Devoted friend to hundreds, talented athlete, 2009 Claremont High graduate
Taylor Kristofer Meyer, 27, who attended Mountain View and Condit elementary schools, El Roble Intermediate, and was a 2009 Claremont High School graduate, was robbed and brutally murdered by three attackers on November 9 in Playa del Carmen, Mexico, where he had been vacationing with 13 of his friends.
Mr. Meyer attended the University of Colorado in Boulder, where he was an active member of Sigma Alpha Epsilon fraternity and graduated with a double major in communications and sociology in 2013.
He was born July 3, 1991 at San Dimas Community Hospital to parents Kris and Krista Meyer of Claremont. He was a product of Claremont’s tightly knit community and developed scores of close friends throughout his 18 years in the City of Trees. An avid athlete all his life, he played AYSO soccer and Little League baseball. At Claremont High he concentrated on baseball, where he excelled as a varsity pitcher during his junior and senior years.
Although he was a fine pitcher, his natural talent was most evident on the golf course. At age 8, he got his first set of clubs for his birthday, and although he had never before swung one, he made par on the first two holes of the now closed Claremont Golf Course. Mr. Meyer twice competed in the World Long Drive Championship’s qualifying round, but on both occasions his second attempts fell short by just 6 yards to advance him on to the competition’s final round. Not only could he routinely drive a golf ball over 350 yards, and occasionally over 400, he almost always hit them straight, his family shared. The only reason he carried a 10 handicap was that he played only about seven rounds of golf per year, they added.
Employing his innate entrepreneurial spirit on college summer breaks during the recession, he operated a successful mobile car detailing service. Shortly after graduating from college, Mr. Meyer began working in inside sales for United Parcel Service in Phoenix. He was quickly promoted to outside sales and relocated to Southern California, where he lived in Brentwood and covered the Culver City area. From Brentwood he moved on to Hermosa Beach, where he lived for about 18 months until his tragic death.
At UPS, he received numerous accolades for his sales achievements and had recently been promoted to senior account executive, where he was responsible for a much larger sales area with larger accounts. More than a dozen of his co-workers and supervisors attended his memorial service and commented to his family and friends about his vibrant personality, strong work ethic and outstanding sales results at UPS.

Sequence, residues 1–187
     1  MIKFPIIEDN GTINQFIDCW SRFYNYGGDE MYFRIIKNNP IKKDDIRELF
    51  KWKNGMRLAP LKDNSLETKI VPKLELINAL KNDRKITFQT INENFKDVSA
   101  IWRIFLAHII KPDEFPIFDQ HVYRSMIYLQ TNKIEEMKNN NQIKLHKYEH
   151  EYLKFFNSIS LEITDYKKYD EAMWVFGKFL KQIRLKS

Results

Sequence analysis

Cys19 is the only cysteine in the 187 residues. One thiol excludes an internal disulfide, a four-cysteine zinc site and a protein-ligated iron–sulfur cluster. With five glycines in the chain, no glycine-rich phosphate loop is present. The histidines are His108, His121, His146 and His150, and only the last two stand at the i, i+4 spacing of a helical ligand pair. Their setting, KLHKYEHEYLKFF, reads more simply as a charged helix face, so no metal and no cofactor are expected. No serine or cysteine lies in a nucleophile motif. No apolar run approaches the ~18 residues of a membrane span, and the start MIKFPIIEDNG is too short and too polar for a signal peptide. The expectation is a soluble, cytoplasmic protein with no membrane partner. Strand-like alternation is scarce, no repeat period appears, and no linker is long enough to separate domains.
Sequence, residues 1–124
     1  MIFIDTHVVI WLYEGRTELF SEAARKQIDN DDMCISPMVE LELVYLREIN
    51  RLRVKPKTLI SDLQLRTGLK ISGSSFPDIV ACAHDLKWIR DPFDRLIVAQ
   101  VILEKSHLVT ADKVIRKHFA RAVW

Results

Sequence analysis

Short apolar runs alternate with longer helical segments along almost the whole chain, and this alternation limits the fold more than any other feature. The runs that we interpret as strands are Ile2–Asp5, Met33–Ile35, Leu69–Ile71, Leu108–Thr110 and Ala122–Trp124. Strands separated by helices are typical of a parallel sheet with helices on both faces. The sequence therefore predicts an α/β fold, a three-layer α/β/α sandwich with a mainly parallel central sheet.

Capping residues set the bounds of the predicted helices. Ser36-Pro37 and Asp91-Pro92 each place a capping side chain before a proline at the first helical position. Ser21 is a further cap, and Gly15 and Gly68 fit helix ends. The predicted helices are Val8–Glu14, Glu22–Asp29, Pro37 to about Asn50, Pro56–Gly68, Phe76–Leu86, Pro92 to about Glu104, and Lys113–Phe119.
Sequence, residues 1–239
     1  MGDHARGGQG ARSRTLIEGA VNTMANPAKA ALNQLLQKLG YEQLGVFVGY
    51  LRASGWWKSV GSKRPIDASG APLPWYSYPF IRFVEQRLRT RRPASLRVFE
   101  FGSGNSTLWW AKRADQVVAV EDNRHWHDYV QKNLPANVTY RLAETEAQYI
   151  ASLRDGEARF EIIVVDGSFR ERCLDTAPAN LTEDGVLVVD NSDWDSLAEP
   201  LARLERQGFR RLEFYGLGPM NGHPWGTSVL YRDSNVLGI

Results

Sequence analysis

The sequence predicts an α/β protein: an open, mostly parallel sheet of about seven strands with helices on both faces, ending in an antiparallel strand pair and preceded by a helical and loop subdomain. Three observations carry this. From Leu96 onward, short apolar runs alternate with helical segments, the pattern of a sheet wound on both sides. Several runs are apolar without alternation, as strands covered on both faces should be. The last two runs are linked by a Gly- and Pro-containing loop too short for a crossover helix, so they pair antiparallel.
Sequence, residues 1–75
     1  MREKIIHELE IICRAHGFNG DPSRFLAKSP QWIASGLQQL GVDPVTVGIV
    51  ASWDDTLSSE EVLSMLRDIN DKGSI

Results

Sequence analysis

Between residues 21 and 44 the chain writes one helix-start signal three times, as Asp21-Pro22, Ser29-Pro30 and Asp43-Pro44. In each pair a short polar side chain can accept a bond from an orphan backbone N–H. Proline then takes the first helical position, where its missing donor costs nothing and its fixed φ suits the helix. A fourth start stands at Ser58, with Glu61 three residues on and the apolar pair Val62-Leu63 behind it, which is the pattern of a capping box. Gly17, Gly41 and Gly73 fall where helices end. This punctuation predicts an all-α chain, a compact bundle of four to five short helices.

“Taylor lived large and loved in the same way,” his family said. “If you could call Taylor your friend, you were truly blessed. Taylor was a Christian and a uniting force amongst often diverging groups of people. He was an efficient and effective organizer, leader, loyal friend, and protector to literally hundreds of classmates, co-workers, family and friends. Although he had considerable accomplishments throughout his life about which he could boast, not until his death did many of his friends and family find out about them. From hitting four home runs in a single baseball game and performing an unassisted triple play in tee-ball, winning the Hermosa Beach four-person volleyball tournament, providing significant financial and organizational assistance to strangers in need, to saving a friend’s life by tackling a knife-wielding assailant. Taylor was a humble young man who developed hundreds of loyal lifelong friends. Upon achievements alone, Taylor lived a full and purpose driven life within his short 27 years. He was an avid fan of the Dodgers, Denver Broncos and the University of Colorado Buffaloes. He loved Jesus, Old Glory, his family, friends, and attending country music concerts with his many friends across the nation.”
He was preceded in death by two cousins who died in separate tragedies at ages 18 and 20. The untimely deaths caused the family to recently begin using the hashtag #Meyer-Strong, a digital testimony to the strength of their faith and family, they said.
Mr. Meyer is survived by his parents Kris and Krista Meyer; brother Colby and his wife Sarah Meyer; sister Megan, her husband Bobby Blackstock and their two sons, Jackson and Jayden; grandmother Greta Meyer, of Algona, Iowa; three uncles; three aunts; ten cousins; and the most loyal friends a person could ask for that stretched across the USA, his family shared.
Three candlelight vigils, each attended by between 100 and 200 of his friends, were held in Hermosa Beach, Denver and Claremont. His November 17 memorial service at Purpose Church in Pomona was attended by more than 700 people from all corners of the United States, and well over 1,200 live-streamed the service nationwide.
His murder received international media coverage and has brought significant attention to the violence in and dangers of vacationing in Mexico. The Hermosa Beach City Council acknowledged the tragedy at a recent meeting, and a retired US congressman arranged to have a flag, which will be returned to his parents, flown over the nation’s capitol in Mr. Meyer’s honor.